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Coming to Grips with Forgetting

Last summer, my son wandered around our apartment courtyard eating dirt. A neighbor swept off her patio silently.

I said, “I haven’t met you,” as I walked toward her.

“Yes, you have, Polly,” she said. “In fact, I’ve met you twice since you moved in.”

I blinked. I smiled.

“My name is Mary,” she said.

She is very nice. After the awkward moment, we talked and she cooed over my delicious son - even though he tried to eat her potted hydrangea.

The very next day – no kidding, I walked in our apartment and a woman I didn’t recognize walked in also. She had glasses and a ponytail.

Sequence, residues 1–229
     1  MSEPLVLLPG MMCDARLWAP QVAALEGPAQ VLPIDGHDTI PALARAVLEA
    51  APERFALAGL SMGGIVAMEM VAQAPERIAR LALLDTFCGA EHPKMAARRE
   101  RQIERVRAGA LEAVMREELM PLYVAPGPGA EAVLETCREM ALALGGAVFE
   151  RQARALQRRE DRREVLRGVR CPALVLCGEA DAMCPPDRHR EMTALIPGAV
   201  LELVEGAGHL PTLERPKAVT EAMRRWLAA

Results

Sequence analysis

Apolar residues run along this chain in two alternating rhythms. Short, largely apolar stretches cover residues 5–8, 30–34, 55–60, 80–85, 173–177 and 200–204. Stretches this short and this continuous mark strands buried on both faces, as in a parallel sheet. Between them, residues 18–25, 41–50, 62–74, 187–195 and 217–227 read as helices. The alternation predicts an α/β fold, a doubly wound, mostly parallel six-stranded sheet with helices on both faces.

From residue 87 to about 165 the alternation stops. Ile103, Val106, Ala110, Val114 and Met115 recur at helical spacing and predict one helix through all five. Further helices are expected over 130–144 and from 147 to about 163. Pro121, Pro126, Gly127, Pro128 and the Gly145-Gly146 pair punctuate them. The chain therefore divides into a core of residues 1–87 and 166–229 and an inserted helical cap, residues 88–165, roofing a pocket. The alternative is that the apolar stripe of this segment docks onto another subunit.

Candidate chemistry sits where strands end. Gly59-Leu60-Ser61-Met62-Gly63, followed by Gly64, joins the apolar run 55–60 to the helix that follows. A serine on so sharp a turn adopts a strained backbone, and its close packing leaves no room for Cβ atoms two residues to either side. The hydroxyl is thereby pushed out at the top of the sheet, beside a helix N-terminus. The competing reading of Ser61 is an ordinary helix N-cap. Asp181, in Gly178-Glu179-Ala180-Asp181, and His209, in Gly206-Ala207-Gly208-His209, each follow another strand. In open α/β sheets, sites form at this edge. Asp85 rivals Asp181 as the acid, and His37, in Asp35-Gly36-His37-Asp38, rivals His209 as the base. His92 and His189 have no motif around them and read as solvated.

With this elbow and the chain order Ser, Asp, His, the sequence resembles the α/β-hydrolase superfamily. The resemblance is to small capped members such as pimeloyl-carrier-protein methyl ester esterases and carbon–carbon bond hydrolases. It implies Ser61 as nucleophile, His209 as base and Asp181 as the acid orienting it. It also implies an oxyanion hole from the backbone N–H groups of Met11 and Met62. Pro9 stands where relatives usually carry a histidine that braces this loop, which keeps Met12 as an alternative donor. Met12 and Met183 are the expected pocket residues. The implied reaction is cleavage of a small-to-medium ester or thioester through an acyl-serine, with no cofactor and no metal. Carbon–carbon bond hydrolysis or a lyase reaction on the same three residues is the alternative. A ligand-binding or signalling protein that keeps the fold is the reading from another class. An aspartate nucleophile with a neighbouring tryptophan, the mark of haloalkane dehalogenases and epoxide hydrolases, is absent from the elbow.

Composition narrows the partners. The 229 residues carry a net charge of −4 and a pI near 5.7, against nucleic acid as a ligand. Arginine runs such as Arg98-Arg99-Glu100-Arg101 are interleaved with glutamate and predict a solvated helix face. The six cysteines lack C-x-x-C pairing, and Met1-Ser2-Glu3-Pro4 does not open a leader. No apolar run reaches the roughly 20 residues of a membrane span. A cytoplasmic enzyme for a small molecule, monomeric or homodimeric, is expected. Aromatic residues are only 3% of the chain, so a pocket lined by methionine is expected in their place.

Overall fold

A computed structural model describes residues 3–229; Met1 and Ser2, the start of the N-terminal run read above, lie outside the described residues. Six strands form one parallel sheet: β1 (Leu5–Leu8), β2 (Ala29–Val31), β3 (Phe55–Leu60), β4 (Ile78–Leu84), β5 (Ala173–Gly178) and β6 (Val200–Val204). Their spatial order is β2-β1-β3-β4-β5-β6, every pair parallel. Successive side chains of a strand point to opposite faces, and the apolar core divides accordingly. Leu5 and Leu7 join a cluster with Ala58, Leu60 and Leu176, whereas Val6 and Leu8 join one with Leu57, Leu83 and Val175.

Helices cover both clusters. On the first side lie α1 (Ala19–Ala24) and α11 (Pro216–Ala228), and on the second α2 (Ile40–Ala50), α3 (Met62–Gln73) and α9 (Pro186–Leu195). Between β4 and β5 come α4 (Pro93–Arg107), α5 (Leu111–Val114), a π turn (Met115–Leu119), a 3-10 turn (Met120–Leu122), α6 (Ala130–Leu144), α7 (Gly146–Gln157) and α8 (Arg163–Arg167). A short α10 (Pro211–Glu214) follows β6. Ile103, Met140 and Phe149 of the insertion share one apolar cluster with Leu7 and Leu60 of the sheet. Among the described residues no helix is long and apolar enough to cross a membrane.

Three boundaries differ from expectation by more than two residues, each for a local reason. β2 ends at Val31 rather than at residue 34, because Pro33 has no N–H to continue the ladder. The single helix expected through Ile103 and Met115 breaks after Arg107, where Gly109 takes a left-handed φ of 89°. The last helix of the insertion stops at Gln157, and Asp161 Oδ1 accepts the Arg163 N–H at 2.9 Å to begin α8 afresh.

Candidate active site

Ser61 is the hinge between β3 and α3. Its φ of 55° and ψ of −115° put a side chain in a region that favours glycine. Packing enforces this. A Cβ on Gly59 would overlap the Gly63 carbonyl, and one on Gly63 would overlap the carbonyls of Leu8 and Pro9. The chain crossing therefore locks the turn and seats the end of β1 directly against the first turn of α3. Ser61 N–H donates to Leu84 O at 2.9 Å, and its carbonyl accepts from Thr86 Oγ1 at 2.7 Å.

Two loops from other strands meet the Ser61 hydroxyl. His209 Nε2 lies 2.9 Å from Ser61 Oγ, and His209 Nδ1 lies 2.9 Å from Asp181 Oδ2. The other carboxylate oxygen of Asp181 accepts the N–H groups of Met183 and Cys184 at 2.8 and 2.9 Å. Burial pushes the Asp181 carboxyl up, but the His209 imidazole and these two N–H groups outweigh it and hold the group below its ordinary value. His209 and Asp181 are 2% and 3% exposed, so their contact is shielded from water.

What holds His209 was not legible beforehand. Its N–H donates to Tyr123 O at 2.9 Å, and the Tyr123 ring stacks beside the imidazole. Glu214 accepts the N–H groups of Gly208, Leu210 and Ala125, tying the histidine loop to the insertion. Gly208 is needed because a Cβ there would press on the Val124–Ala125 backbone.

“Hi, are you new here?” I said. I felt a tinge of pride about my friendly and outgoing approach.

“Really?” she said. It was Mary. She said it slowly with that colloquial tonality we all use now to say “really?” As a side note, I just moved all the way across the country, and this “really?” thing is everywhere. You just can’t get away from cool one-word phrases these days.

What can you say? What do you say? When you are a total idiot, there really isn’t much you can do. I told her I’d make her cookies, but like that’s gonna happen. I have come to grips with my mediocrity, and since pregnancy, boat-loads of brain cells have gone missing. The best I can do is admit that I’m a candidate for experimental Alzheimer drugs and follow my son around yanking the rocks out of his mouth. It’s a grim existence in some aspects, but in others, it’s refreshing. Everyday is something new, even if I never even leave my apartment complex.


Polly Scott lives and writes in Alexandria, VA.  As a sit-down comedian, she attempts to make meaning from life's trials through humor.  You can find more of her humor writing on

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